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Illustration: Sarah Grillo/Axios

Democrats in both houses of Congress said Thursday they are introducing a bill that would ban government use of facial recognition technology.

Why it matters: A handful of cities have banned government use in their jurisdictions, but there are no national laws governing how facial recognition can be used, and there's wide concern over how the tech today encodes racial and other kinds of biases.

Driving the news:

  • Sens. Edward J. Markey (D-Mass.) and Jeff Merkley (D-Ore.), along with Reps. Pramila Jayapal (D-Wash.) and Ayanna Pressley (D-Mass.) said they will introduce legislation in both houses to stop government use of biometric technology, including facial recognition tools.
  • The announcement comes after a Michigan man, Robert Williams, was wrongfully arrested due to flawed facial recognition software.
  • Microsoft has said it will stop selling the technology to police until a national law is passed, while Amazon has put a one-year halt to such sales and IBM has exited the business.

What they're saying:

  • Robert Williams, in a Washington Post op-ed: "Why is law enforcement even allowed to use such technology when it obviously doesn't work? I get angry when I hear companies, politicians and police talk about how this technology isn't dangerous or flawed."
  • Markey: "Facial recognition technology doesn't just pose a grave threat to our privacy, it physically endangers Black Americans and other minority populations in our country."

Between the lines: A strictly partisan bill from a quartet of lawmakers who are among the farthest left in their respective chambers is unlikely to gain wide traction anytime soon. But the call to fully ban facial recognition in the U.S. signals where the progressive wing of the Democratic Party is on the issue.

Go deeper

Dan Primack, author of Pro Rata
Jul 31, 2020 - Technology

Chinese facial recognition developer nears $1.5 billion funding round

Illustration: Aïda Amer/Axios

SenseTime, a Chinese developer of facial recognition technologies, is wrapping up a $1.5 billion funding round at a $10 billion valuation and is in talks to list on China’s STAR market, per Reuters.

Why it matters: This is the company’s first fundraise since being placed on a U.S. blacklist for alleged involvement in human rights abuses against Uyghur Muslims in China. It previously raised nearly $3 billion, including from U.S.-based firms like Fidelity, Glade Brook, Qualcomm Ventures, and Silver Lake Partners.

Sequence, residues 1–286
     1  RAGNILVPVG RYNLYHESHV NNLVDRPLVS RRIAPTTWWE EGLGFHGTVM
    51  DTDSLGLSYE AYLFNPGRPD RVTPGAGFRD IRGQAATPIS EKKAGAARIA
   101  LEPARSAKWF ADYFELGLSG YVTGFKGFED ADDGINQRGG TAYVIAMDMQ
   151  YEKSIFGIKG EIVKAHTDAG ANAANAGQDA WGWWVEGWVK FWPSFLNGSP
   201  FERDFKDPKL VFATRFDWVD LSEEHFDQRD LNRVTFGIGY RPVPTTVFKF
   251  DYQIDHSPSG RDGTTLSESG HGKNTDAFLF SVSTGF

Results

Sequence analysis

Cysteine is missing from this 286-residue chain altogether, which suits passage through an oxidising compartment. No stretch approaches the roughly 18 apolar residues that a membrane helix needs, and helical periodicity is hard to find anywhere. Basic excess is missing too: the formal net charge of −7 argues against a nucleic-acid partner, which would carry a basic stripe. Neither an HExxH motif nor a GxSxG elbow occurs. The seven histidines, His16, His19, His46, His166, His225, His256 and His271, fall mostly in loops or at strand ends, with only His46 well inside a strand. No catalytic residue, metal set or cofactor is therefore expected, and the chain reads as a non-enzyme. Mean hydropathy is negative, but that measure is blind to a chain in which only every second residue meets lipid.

10 hours ago - World

Maximum pressure campaign escalates with Fakhrizadeh killing

Photo: Fars News Agency via AP

The assassination of Mohsen Fakhrizadeh, the architect of Iran’s military nuclear program, is a new height in the maximum pressure campaign led by the Trump administration and the Netanyahu government against Iran.

Why it matters: It exceeds the capture of the Iranian nuclear archives by the Mossad, and the sabotage in the advanced centrifuge facility in Natanz.

Scoop: Biden weighs retired General Lloyd Austin for Pentagon chief

Lloyd Austin testifying before Congress in 2015. Photo: Chip Somodevilla/Getty Images

Joe Biden is considering retired four-star General Lloyd Austin as his nominee for defense secretary, adding him to a shortlist that includes Jeh Johnson, Tammy Duckworth and Michele Flournoy, two sources with direct knowledge of the decision-making tell Axios.

Why it matters: A nominee for Pentagon chief was noticeably absent when the president-elect rolled out his national security team Tuesday. Flournoy had been widely seen as the likely pick, but Axios is told other factors — race, experience, Biden's comfort level — have come into play.

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